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Archived - On the front lines of COVID-19 prevention, Jon Freda and his Water Distribution colleagues keep the taps flowing so the rest of us can wash our hands

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April 11, 2020
Feature Stories

In the fight against COVID-19, the public’s marching orders are clear.

Stay home.

Wash your hands.

Seems straightforward. But what does it take to keep a city of one million people supplied with clean water during a pandemic?

As a supervisor in the City of Ottawa’s Water Distribution Branch, Jon Freda knows a thing or two about that.

A man in a yellow jumpsuit and safety vest
Jon Freda and his team are playing a crucial role in the City’s response to COVID-19. They’re making sure our water infrastructure continues to deliver safe, clean drinking water to the public so they can do their part and wash their hands.

What is it like to work in the Water Distribution Branch these days?

It’s very different! Normally a lot of the work we do is focused on proactively maintaining the city’s water infrastructure. During this state of emergency, we’re only sending out crews to deal with urgent issues, like leaks and watermain breaks.

We’re also doing the behind-the-scenes work to make sure we can get moving on those proactive maintenance projects the minute we get the green light.

Is it still busy? What’s the work like?

During the pandemic, our focus is on making sure there are as few disruptions to service as possible.

We were really lucky this winter and didn’t have very many watermain breaks, but we’ve had 10 in the last month, so it’s definitely been busy.

When there are leaks or watermain breaks or anything that means shutting off an area’s water supply while repairs are underway, we work as quickly as possible. We realize not having water in your home or workplace is inconvenient, on the best day. And right now, with a pandemic on our hands, it’s incredibly important that we keep those taps running so people can wash their hands, wash their dishes, do laundry, etc.

If there is an issue, how are people notified?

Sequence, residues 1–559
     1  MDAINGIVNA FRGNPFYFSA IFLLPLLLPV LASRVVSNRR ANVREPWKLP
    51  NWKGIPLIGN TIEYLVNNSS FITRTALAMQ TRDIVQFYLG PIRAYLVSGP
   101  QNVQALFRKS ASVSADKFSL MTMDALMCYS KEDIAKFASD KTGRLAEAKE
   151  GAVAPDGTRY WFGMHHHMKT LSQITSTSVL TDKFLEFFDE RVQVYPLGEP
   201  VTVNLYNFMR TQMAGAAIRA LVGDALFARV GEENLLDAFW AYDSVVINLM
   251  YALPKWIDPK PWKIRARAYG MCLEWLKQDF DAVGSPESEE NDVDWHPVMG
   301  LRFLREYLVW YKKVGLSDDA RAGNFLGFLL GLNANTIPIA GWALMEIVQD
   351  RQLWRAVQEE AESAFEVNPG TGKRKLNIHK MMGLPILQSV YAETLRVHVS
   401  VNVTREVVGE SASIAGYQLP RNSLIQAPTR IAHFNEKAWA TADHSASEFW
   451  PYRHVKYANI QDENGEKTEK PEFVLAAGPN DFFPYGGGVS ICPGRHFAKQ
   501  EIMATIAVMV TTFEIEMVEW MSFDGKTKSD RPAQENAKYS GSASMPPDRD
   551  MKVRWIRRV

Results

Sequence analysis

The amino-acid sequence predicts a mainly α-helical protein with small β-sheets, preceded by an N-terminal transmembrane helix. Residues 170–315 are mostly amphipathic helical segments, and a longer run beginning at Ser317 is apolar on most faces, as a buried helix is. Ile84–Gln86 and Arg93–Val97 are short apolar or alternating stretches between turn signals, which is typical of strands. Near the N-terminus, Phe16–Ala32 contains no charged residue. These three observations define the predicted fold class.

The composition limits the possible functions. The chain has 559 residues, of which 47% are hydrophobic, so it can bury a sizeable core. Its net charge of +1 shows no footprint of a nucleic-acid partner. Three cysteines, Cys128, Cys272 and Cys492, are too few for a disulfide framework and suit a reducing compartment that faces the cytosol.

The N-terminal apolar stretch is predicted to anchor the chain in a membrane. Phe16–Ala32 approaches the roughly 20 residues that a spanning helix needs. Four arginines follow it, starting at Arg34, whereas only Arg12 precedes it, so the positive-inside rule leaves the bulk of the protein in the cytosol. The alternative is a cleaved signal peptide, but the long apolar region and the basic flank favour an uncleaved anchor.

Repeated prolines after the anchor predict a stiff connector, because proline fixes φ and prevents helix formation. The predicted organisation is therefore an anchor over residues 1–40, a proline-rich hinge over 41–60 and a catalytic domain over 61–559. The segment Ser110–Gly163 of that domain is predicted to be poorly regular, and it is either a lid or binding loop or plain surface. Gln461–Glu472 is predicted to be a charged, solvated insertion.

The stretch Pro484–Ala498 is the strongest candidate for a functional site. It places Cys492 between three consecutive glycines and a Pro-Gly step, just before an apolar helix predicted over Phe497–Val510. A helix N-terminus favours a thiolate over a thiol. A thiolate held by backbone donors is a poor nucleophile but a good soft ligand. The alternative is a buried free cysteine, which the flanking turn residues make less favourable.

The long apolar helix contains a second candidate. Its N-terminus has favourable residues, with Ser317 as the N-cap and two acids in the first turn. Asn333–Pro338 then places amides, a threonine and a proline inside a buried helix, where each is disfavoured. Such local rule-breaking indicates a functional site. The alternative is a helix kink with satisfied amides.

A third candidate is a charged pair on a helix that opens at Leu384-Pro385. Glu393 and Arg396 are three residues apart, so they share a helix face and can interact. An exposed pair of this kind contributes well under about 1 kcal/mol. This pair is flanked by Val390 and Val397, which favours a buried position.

If we have to turn off the water temporarily, we will still go door-to-door because that’s how we can give residents the most notice. We’ll knock on your door and then back up so we’re respecting physical distancing guidelines.

How are your crews staying safe on the job?

They wear protective equipment, and we make sure they travel to and from job sites solo, rather than having multiple people in the same vehicle. Staff clean and disinfect vehicles before and after they’re used, and we’re really careful to maintain our physical distance while on site.

We’re also relying on the public to do their part to stay home as much as possible.

A man in a hard hat takes a selfie in front of crews repairing a broken watermain.
Staying home is the best way the public can protect front-line workers. That includes crews working on critical infrastructure like our water supply. Steve Sadler, pictured here, hopes people will think of them when they’re deciding whether to go out for something that isn’t absolutely necessary.

Are there any silver linings to this whole experience?

Access to water tops the list of services that are literally essential to human life. It’s always important work, and I think that, especially right now, I speak for my whole team when I say we take a lot of pride in making sure people have reliable access to clean water during this crisis.

It’s also been amazing to witness how talented and creative my team is. I’ve got staff at home doing some great research into how we can improve our work. One is even teaching himself to do certain repairs on our equipment and monitoring devices so we can keep more of that work in-house in the future.

How is your household adjusting to being stuck at home?

My wife and I are both working from home and it’s definitely been an adjustment! My kids are doing well, but I know it’s not easy for them. My ten-year-old daughter has been a really big help with my youngest, who’s six. That part has been really nice to see.

Do you have any advice for the public?

To prepare for any emergency, you should have at least a three-day supply of water for each person in your household. Generally, that means at least two litres of drinking water per adult per day, along with at least two litres of water per person per day for cleaning and cooking. You can do this at home by filling up bottles or jugs you already have with water from the tap.

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